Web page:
“The assumption was that these highly-trained test pilots would not make mistakes in those areas,” Hart said. “But, truth be told, humans are humans, and even the best-trained human on their best day can still make mistakes.”

AST had, in fact, issued a waiver to some aspects of Scaled’s permit in 2013. “Scaled did not meet these [permit] requirements because it did not identify human or software error as causing hazards,” it stated in the waiver, published in the Federal Register in July 2013. “It did not identify these errors as causing hazards on the grounds that the mitigations it had in place would prevent the hazards from occurring.”

The waiver didn’t describe any specific hazards Scaled overlooked beyond general human or software error, but concluded that several factors mitigated any risks it caused. Those factors included Scaled’s training program, an incremental approach to flight testing, use of chase planes and having two pilots on the vehicle, and the remoteness of the test area in California’s Mojave Desert.

Scaled executives told the NTSB that they were surprised by the waiver, since they has not specifically requested one nor were sure why it was issued. One AST employee interviewed by the NTSB said that FAA’s general counsel considered an application that did not meet requirements “an implicit application for a waiver,” something AST staff members did not agree with.

Others at AST, or working for the office, expressed frustration not just with the process of granting the waiver but also getting information from Scaled. Questions they wanted to pose to Scaled as part of the permit review process had to go through AST management. “If a question was not relevant to public safety, it would be redlined,” an employee told NTSB. “A redlined item meant that the item was deleted; that happened frequently.”

The emphasis on public safety is an aspect of AST’s current regulatory restrictions: its process for both launch licenses and experimental permits focuses on the safety of the uninvolved public and not those on the vehicles themselves, other than their roles as safety systems for the vehicle. AST had been filtering questions, the NTSB found, to limit the burden on industry those issues directly related to the licensing and regulatory process, after some in industry complained.

“Scaled and the FAA had thought that all the mitigations had been included in the fault trees, and he found that not to be true,” Hardy told the NTSB.

Terry Hardy, a former AST employee who was working for them as a consultant, told the NTSB he chose to stop working with the office shortly after the accident. “When asked why he stopped after the accident, he said after 3.5 years he did not feel his recommendations or the work he did was improving the safety process,” the NTSB stated in a summary of its January interview with Hardy. “He felt that after offering recommendations to the FAA he was ‘spinning my wheels’ until the FAA made significant changes to the way they approached system safety and their evaluations. He let the FAA AST managers know this.”

Hardy said he had concerns with Scaled’s approach to failure analysis, including its use of quantitative analysis on vehicles with little or no flight experience, an approach that allowed the company to skip documentation of how it mitigated the issue if the calculated risk was sufficiently low. “If that quantitative number met those criteria, they were done,” he told the NTSB. “The idea of using quantitative analysis on an early vehicle that had never flown could be used as a tool, but should never be used alone.”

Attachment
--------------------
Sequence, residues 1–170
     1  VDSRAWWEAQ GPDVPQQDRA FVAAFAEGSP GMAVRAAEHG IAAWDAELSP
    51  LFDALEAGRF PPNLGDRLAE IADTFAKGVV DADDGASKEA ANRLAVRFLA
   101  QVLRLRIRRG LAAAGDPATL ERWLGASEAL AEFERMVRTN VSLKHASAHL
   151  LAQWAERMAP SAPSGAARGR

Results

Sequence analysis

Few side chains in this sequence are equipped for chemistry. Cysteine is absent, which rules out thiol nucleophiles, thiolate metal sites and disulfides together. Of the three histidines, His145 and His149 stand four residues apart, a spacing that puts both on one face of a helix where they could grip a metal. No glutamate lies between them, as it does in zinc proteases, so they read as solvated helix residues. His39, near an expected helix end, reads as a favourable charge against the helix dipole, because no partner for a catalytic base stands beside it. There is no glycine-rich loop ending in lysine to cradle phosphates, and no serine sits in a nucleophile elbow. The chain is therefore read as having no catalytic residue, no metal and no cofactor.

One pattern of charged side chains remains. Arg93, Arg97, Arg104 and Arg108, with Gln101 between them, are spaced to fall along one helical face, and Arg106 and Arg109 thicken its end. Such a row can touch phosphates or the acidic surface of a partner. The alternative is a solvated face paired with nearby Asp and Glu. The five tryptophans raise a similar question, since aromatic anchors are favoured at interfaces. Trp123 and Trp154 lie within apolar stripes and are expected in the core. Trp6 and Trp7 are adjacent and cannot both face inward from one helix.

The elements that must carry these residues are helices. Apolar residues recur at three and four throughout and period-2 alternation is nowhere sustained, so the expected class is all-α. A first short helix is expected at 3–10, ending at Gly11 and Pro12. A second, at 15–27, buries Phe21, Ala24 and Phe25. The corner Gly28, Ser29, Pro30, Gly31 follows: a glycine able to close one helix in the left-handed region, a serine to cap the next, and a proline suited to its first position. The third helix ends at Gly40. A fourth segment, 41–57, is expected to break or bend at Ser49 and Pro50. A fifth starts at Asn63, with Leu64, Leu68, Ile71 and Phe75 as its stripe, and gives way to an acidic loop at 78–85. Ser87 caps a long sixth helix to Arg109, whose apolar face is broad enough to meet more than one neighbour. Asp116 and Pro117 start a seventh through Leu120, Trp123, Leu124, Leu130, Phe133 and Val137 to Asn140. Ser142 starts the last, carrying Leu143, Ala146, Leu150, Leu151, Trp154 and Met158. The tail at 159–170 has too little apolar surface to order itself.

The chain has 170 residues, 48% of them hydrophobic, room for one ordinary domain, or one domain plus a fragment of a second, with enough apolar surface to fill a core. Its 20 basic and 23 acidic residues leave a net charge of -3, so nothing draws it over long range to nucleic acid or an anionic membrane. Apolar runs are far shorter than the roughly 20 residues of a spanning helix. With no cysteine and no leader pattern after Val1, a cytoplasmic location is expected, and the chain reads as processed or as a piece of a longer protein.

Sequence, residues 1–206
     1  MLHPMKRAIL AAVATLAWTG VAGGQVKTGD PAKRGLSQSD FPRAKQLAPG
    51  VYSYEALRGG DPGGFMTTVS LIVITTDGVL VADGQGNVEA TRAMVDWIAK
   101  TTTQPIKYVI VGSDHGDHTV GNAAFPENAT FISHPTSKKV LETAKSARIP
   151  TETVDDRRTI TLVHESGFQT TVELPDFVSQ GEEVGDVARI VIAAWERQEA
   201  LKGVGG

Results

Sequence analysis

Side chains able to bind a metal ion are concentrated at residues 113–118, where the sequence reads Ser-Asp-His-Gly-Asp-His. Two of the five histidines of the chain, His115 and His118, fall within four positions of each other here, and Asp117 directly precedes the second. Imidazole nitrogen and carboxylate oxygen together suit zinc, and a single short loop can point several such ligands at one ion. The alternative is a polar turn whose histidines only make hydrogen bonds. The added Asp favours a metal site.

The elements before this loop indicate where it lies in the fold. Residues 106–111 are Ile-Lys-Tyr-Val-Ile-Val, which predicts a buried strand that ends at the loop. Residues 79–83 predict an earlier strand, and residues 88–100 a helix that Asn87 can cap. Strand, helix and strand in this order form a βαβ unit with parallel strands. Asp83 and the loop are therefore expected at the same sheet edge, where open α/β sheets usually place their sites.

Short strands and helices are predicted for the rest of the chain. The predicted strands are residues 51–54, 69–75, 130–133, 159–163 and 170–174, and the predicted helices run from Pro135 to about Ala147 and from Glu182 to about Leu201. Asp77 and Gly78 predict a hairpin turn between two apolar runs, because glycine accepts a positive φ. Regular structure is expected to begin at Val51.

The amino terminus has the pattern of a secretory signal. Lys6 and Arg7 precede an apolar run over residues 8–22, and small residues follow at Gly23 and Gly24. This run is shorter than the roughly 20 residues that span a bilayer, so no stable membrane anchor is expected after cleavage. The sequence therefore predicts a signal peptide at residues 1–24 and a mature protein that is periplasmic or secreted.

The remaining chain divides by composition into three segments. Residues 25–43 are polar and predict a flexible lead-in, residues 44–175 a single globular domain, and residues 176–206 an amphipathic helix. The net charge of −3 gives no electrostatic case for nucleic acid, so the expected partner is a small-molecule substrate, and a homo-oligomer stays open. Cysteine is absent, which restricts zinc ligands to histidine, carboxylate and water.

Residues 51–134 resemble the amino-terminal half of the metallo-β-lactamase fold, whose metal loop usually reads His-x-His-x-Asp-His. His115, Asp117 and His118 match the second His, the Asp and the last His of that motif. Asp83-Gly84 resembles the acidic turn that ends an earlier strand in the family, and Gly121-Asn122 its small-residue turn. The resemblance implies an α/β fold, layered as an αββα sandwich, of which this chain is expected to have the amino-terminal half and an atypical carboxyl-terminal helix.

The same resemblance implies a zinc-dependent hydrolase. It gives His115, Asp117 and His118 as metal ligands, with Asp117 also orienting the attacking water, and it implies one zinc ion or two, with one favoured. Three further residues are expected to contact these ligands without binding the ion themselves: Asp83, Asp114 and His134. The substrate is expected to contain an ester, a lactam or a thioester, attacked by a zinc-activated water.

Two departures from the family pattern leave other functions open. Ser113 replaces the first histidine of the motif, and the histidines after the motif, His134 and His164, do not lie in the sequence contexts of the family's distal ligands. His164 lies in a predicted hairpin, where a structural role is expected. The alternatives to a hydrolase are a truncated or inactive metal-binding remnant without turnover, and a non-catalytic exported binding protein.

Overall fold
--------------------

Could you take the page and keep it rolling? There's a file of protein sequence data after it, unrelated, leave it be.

Hardy said he talked with AST staff about his concerns that Scaled’s approach failed to account for all possible failures of SpaceShipTwo. “Scaled and the FAA had thought that all the mitigations had been included in the fault trees, and he found that not to be true,” he told the NTSB. He assumed AST staff passed on his concerns to management, but acknowledged he didn’t know what the FAA did with them.

One comment that attracted considerable attention was when Sumwalt quoted from the draft, as-yet-unreleased, report, citing “a lot of pressure, political pressure” to issue experimental permits. “When I read that, that worries me,” he said. “What do we mean by pressure, political pressure? What is this?”

NTSB investigators didn’t clarify where that political pressure was coming from, nor did Hart in an interview after the hearing. “Our interpretation of those statements we obtained from staff were pressure of two types,” he said. “One is to meet deadlines, because they have very aggressive deadlines that they are proud to say they have never missed, so that’s one. Number two is figuring out where the line is drawn between protecting the public and mission assurance.”

Hardy, in his NTSB interview, did mention political pressure, but he was referring to events a decade earlier. “The FAA safety engineers were not allowed to talk directly to the applicants, and this was based on political pressures to reduce the burden on applicants. That was what they felt in 2004,” he recalled, an outcome of a “lessons learned” discussion after SpaceShipOne won the Ansari X PRIZE.

“What he felt now was that culture of not wanting to over-burden the applicant still remained,” NTSB stated in its summary of the Hardy interview. “As a result, there was a screening of questions and a limitation on direct communication with the applicant.”